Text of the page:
Pan Ku

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Pan Ku


(also Pan Meng-ch’ien). Born in 32; died in 92. Chinese writer and historian.

Pan Ku was born into a noble family. He held important posts. He served in the army that was formed under the command of Tou Hsien during the campaign against the Hsiung-nu (Huns). After the army’s defeat, Pan Ku was put in prison (92), where he died.

Pan Ku’s main work was the completion of The History of the Earlier Han Dynasty (58–82), which had been started by his father, Pan Piao (two sections were written by Pan Ku’s sister, Pan Chao). The book contains various materials on the history, economics, and culture of ancient China and Middle Asia. Pan Ku was famous as an author of fu; in particular, his descriptive Ode on the Two Capitals was praised. Pan Ku was a theorist of this genre of poetry.

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Cai almost goes as far as to cast early Han classical masters such as Fu Sheng--according to Sima Qian and Ban Gu the founder of all Han traditions relating to the Documents Classic--as literary inventions, and claims that true ru cohesiveness, as well as real interpretative schools only developed after the watershed year of 91 B.
She is also spot on in her willingness to read Sima Qian and Ban Gu against the grain; and she does a great service to the field by pointing out the importance of surveying complete data sets as an antidote to the rhetoric contained in the transmitted histories.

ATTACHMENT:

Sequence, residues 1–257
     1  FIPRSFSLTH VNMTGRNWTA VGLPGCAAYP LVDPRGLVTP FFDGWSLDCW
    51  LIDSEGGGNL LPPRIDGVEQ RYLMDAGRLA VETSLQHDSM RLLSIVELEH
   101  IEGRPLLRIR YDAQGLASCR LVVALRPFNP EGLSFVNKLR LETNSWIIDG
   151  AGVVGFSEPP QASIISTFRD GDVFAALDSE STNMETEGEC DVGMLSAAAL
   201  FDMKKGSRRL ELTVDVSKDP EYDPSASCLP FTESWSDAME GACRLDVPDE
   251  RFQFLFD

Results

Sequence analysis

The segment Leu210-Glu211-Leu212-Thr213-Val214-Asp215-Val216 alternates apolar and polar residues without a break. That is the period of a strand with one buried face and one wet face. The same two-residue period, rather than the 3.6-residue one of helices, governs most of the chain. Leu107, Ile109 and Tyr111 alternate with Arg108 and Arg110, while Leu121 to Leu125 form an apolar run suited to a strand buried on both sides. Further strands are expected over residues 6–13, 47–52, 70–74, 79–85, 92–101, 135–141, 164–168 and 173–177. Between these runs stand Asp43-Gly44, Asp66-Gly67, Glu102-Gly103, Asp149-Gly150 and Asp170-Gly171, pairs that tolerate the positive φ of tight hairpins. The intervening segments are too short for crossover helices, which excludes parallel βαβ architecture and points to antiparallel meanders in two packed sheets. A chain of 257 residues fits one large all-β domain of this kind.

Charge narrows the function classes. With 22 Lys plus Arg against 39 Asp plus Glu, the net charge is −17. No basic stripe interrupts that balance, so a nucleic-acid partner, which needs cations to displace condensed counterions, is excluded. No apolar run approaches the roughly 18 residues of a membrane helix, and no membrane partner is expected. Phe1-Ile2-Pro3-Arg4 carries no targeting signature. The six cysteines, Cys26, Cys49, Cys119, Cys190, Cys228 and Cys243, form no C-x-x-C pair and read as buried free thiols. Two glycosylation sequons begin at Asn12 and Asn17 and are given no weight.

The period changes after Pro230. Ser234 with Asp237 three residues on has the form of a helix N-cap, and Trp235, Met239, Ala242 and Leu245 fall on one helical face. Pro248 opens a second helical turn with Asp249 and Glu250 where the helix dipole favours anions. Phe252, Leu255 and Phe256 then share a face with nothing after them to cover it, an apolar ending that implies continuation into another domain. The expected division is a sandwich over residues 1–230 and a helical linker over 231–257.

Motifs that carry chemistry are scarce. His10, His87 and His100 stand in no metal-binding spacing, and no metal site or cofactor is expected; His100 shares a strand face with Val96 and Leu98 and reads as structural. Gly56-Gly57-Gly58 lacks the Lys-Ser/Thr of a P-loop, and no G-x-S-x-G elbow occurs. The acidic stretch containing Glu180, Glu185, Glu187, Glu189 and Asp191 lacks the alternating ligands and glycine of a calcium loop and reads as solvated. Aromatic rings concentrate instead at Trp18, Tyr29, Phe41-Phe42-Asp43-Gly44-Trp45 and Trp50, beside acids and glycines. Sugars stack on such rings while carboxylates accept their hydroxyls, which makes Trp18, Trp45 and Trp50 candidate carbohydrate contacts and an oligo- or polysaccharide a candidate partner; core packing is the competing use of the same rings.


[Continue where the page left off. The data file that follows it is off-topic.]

Reign of the young Emperor Ai, who, according to the Han historian Ban Gu, wanted to rise, but his sleeping lover Dong Xian had fallen asleep on the emperor's sleeve.
Ban Gu, a historian during China's Han Dynasty in the first century CE, was influential on later Chinese historians, Clark (Chinese history, U.
The works of Sima Qian and Ban Gu became models on which subsequent imperial histories were structured.
In a rather informal approach to this lacuna, the following consideration consists of several reflections on the historiographical sensibilities of two Han historians, Ban Biao (AD 3-54) and his son, Ban Gu (AD 32-92).
The term liumin appeared in Hanshu, one of the twenty-four Chinese histories that was compiled by the Han historian, Ban Gu (A.
During the subsequent flourishing of classical studies, Confucians sought to refashion their obscure past, a project that culminated with Ban Gu in the first century of the Common Era and which continues to shape perceptions of Han Confucianism to the present.
As the "other" Han historian, Ban Gu has received less attention than his more famous Western Han counterpart, Sima Qian.
Thus, between the time of Ban Gu and that of Xu Shen, we notice the emergence of the notion that Confucius knew of the game weiqi.
It is true that both Ban Gu and Sima Biao based their interpretations on the moralistic tradition shaped by the commentaries on the Spring and Autumn Annals, but can we say absolutely that pre-Han portents and their five-phases theory included in Ban Gu's treatise - instead of the portents of the Hah - are the center of his treatise?
As both Keimatsu and Dai point out, if Dong wrote on the Forces, why didn't Ban Gu quote any of his opinions in the Hanshu "Wuxing zhi" [UNKNOWN TEXT OMITTED] ("Treatises on the Five Forces")?